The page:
We then repeated the above experiments, with the only difference being that in place of \(G_{{\mathfrak {n}}}\) we used an Erdos–Renyi graph instantiation, the Erdos–Renyi using the Bernoulli parameter \({\mathfrak {d}}^{\prime}G_{{\mathfrak {n}}}\) (the density of the connectome \(G_{{\mathfrak {n}}}\)). The resulting plots are in the right hand side of Fig. 7. Simple calculations of the distributions show that the pairs of graphs being seeded graph matched here in these repeated experiments are precisely correlated Erdos–Renyi graphs with the parameter \(\rho \) being precisely the edge correlation \(\varrho _e\), which is equal to \(\varrho _T\) since \(\varrho _h=0\).
To emphasize: The left hand side of Fig. 7 is from seeded graph matching connectome to noisy connectome, and the right hand side of Fig. 7 is from seeded graph matching synthetic data of the same connectome density to a noisy version of this synthetic data, which turns out to precisely be seeded graph matching pairs of correlated Bernoulli random graphs where the noise parameter turns out to be the total correlation, so the figures in the right hand side of Fig. 7 are of Sect. “Of hockey sticks and broken hockey sticks” variety (except that the alignment strength values are averaged over 20 instantiations).
Notice that the figures in the left hand side of Fig. 7 and their respective counterparts in the right hand side of Fig. 7 look remarkably similar in many important ways. The differences seem to just be that the seeded graph matching success and alignment strength values clearly exhibit thresholding in the synthetic data, which is less pronounced and more gradual in the connectome data, although the sharpness of the connectome thresholding seems to be catching up as the number of vertices increases. Aside from this, there stills seems to be a reasonable phantom alignnment strength for the connectome data.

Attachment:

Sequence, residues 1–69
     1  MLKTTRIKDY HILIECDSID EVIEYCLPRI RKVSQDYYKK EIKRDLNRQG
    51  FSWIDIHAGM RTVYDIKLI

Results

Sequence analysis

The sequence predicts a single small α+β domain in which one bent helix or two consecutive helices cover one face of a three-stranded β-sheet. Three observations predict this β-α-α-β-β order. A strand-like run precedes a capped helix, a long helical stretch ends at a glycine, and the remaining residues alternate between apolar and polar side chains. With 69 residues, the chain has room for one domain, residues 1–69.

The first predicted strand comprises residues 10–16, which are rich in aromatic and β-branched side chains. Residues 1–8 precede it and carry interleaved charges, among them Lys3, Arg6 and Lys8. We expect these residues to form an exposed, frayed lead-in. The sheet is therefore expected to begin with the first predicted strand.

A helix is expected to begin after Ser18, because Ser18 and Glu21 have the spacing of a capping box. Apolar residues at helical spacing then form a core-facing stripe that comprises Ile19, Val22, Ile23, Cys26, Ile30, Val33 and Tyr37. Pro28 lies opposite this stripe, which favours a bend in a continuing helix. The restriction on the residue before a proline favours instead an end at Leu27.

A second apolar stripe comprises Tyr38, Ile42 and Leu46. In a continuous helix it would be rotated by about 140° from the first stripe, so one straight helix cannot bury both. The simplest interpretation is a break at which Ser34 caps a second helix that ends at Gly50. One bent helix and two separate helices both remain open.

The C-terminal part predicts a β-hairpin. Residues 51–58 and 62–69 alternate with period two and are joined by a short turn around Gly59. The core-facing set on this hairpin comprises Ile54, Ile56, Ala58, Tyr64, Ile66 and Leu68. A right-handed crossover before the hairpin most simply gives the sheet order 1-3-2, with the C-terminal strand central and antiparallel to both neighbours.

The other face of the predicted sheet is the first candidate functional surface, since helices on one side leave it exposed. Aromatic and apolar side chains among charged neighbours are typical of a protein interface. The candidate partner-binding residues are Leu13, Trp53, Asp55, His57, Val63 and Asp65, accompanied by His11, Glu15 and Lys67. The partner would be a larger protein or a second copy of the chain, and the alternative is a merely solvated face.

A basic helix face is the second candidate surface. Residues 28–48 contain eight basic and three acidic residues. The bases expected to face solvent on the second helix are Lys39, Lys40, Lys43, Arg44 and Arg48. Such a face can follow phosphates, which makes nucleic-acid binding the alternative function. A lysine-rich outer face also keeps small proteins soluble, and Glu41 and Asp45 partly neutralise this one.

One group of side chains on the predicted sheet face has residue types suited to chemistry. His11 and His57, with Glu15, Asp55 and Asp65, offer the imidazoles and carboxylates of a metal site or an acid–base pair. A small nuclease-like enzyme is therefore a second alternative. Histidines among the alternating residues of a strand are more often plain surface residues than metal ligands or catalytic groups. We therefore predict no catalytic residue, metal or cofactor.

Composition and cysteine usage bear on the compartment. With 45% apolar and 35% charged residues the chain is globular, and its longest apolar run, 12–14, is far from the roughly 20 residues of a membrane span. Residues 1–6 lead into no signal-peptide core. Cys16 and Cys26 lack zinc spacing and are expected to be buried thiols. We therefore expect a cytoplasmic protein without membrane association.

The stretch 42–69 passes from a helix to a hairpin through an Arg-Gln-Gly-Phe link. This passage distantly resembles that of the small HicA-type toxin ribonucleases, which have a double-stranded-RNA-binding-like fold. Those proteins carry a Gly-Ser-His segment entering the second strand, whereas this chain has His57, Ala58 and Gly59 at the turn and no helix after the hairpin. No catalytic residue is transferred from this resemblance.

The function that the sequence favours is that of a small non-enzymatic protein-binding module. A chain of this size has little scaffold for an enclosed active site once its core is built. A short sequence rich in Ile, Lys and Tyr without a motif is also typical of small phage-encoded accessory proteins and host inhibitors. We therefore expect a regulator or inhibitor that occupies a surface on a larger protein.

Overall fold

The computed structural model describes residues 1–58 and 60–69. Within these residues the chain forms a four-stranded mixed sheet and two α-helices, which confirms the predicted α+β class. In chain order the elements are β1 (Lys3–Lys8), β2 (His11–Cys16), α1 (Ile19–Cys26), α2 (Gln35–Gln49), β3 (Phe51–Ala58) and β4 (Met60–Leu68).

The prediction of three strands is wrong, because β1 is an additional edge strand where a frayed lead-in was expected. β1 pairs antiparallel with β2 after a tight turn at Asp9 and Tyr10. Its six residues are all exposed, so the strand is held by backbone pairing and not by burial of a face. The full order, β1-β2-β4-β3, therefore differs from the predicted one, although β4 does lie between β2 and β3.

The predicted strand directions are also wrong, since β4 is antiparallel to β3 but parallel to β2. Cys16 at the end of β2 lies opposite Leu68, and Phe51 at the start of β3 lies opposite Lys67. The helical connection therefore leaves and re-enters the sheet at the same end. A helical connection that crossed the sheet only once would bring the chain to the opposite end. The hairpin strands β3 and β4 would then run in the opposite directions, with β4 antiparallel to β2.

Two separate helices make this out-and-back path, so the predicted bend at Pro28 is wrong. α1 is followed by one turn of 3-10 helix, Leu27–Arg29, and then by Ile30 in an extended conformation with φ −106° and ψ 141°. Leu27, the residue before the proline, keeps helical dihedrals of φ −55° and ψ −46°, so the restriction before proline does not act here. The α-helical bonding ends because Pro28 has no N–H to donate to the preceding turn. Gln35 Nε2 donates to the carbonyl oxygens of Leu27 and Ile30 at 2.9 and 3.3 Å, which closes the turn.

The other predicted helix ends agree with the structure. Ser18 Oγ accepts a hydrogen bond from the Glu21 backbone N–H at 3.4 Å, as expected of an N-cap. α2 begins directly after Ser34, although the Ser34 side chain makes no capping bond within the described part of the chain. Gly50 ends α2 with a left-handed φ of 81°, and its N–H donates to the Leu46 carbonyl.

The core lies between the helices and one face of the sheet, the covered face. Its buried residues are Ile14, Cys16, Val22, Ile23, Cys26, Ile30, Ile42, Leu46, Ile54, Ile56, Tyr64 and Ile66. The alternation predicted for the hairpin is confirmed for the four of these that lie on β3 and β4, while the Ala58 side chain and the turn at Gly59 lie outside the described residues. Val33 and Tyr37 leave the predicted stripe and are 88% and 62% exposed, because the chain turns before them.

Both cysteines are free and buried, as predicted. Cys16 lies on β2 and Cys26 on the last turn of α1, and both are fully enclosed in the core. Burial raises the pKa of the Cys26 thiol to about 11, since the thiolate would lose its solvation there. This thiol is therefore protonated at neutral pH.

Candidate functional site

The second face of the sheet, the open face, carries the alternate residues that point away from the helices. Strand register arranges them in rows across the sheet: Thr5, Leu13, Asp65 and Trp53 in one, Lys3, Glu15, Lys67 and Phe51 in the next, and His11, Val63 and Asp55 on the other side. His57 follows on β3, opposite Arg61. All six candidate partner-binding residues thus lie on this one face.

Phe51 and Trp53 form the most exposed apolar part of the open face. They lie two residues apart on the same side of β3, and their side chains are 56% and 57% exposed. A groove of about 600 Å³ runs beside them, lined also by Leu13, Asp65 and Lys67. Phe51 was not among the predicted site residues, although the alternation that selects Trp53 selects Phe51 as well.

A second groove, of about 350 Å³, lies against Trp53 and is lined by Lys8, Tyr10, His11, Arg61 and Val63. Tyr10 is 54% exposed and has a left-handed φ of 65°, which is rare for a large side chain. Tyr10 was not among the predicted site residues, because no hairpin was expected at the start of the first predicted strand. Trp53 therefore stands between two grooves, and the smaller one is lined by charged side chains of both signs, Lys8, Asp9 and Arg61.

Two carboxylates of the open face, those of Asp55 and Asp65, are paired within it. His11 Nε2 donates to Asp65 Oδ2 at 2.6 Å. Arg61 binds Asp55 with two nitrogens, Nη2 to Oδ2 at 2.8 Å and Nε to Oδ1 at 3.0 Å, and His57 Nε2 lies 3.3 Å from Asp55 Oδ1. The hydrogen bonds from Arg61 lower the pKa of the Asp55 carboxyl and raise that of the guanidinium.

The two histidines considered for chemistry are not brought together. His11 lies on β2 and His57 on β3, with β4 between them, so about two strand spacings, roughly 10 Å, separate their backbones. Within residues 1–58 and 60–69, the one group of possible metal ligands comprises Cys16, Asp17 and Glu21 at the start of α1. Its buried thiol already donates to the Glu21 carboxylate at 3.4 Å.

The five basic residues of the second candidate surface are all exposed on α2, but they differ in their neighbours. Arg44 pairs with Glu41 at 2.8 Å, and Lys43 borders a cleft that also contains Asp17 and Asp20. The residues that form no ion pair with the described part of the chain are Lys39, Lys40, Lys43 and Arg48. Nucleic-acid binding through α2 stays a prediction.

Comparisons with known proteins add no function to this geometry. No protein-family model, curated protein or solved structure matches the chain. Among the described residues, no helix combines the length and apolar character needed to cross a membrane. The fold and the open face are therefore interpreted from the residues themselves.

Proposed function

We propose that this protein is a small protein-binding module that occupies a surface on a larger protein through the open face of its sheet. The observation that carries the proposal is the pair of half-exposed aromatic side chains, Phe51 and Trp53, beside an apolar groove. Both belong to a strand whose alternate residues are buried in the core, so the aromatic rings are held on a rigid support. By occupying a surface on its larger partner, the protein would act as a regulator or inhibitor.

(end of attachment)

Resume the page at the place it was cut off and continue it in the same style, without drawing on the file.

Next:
Real data; matching same objects under different modalities
In this section, we illustrate the ideas in this paper using three real data sets from Fishkind et al. (2019a); they are the Wikipedia, Enron, and C Elegans pairs of graphs. Each is an example of a pair of graphs with the same underlying objects (thus there is a natural “true” bijection), and adjacencies between objects in the respective graphs are relationships among the objects in two different modalities.
The Wikipedia pair of graphs \(G_1\), \(G_2\) from Fishkind et al. (2019a) were created in the year 2009. The vertices of \(G_1\) are the English language Wikipedia articles hyperlinked from the Wikipedia article “Algebraic Geometry,” and all Wikipedia articles hyperlinked from these articles; in total, there are \({\mathfrak {n}}=1382\) vertices. These vertices/articles each have directly corresponding articles in the French language Wikipedia, and these are the vertices of \(G_2\). Every pair of vertices/articles in \(G_1\) are adjacent in \(G_1\) precisely when one of the articles hyperlinks to the other article in the English language Wikipedia, and every pair of vertices in \(G_2\) are adjacent in \(G_2\) precisely when one of the articles links to the other in the French language Wikipedia. Thus \(G_1\) and \(G_2\) are simple, undirected graphs, and the “true” bijection is the function mapping English articles to their French versions.